by WLJ
2007 December 20
July 11, 2005 Now that we have had our first case of BSE, and the news has worn off with the markets pretty much ignoring the episode, it’s time to get back to the issues we have a chance at controlling. National identification just got a shot in the arm, since seven months passed between that old Texas cow being initially tested and confirmed positive for the disease. It would be nice to know a little bit about her herd mates and perhaps the feed mill that supplied the cake that these cows consumed, or if this was just one of those
by WLJ
2007 December 20
July 11, 2005 All eyes and ears will be focused on a courtroom in Seattle this Wednesday. That’s where three judges from the Ninth Circuit Court of Appeals will hold an oral hearing in USDA’s appeal against the preliminary injunction that has kept the border closed to Canadian cattle under 30 months of age. It’s anyone’s guess as to when the judges will issue their decision. There’s also great uncertainty as to how they will rule. So both supporters and opponents of a border reopening will have to endure a nervous waiting period. As I’ve sifted through the mass of legal filings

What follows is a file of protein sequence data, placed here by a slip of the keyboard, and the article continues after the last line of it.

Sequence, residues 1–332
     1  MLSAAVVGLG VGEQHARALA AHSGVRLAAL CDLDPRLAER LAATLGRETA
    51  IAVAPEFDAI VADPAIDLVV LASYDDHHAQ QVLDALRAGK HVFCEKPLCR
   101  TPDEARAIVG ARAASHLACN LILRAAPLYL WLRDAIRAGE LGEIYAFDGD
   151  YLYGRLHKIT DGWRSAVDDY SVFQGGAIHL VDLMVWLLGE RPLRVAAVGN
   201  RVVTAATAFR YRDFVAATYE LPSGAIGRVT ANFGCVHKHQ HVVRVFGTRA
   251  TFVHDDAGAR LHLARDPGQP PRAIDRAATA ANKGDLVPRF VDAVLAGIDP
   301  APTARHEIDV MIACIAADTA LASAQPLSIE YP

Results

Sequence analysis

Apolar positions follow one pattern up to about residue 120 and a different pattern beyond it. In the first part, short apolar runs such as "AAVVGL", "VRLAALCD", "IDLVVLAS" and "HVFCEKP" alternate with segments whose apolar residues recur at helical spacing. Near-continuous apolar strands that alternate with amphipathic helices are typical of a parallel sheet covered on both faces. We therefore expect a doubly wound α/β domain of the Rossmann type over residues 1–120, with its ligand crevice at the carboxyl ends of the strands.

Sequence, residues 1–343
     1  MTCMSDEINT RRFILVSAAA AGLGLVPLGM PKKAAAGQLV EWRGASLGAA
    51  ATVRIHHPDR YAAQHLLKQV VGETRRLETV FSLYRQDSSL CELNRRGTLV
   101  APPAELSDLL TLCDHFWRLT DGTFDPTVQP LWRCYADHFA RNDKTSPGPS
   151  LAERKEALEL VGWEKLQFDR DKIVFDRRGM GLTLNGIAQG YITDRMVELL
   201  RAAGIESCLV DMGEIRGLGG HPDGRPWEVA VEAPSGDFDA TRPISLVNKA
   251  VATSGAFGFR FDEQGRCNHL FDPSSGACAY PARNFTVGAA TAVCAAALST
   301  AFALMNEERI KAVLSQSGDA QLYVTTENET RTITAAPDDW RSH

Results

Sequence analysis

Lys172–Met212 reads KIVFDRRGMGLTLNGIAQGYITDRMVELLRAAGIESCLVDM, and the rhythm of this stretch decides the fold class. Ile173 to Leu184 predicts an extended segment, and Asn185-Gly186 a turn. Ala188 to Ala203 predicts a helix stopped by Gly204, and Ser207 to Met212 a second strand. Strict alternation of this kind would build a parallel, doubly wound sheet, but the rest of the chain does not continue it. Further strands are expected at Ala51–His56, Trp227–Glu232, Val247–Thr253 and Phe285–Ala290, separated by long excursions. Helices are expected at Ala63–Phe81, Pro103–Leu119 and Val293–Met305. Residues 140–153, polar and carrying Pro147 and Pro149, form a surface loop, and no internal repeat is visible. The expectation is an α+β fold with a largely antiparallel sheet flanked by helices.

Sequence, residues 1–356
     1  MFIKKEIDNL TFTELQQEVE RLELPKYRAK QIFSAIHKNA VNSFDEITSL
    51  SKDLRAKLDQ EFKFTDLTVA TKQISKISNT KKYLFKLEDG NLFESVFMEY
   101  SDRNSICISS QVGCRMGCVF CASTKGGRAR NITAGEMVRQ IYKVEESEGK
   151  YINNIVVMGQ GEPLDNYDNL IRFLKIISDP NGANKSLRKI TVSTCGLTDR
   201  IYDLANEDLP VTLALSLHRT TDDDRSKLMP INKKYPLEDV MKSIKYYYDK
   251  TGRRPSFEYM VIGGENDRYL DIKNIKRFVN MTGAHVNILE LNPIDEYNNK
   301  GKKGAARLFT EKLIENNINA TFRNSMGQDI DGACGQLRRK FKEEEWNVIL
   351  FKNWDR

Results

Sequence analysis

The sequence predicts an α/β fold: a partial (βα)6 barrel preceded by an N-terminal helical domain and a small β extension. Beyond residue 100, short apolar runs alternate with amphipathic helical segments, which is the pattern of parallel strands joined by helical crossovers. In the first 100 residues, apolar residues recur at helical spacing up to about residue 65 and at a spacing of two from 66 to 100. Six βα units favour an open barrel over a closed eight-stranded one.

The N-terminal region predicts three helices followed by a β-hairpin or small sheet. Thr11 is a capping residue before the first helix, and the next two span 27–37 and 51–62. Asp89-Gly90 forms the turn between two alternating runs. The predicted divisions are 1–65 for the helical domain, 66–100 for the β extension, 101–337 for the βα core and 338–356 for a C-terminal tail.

by WLJ
2007 December 20
July 11, 2005 The Chicago Mercantile Exchange (CME) has modified the way it computes its feeder cattle index. The change will affect the August 2005 feeder cattle futures contracts and all subsequent contracts. Two specific changes were made to the index calculations. First, USDA medium- and large- frame Number 1 and 2 steers have been added to the previous category of medium and large frame No.1 steers. Second, the weight range for feeder steers has been expanded to 650 to 849 pounds, from 700 to 849 pounds. The changes were made to increase the total number of price observations available to compute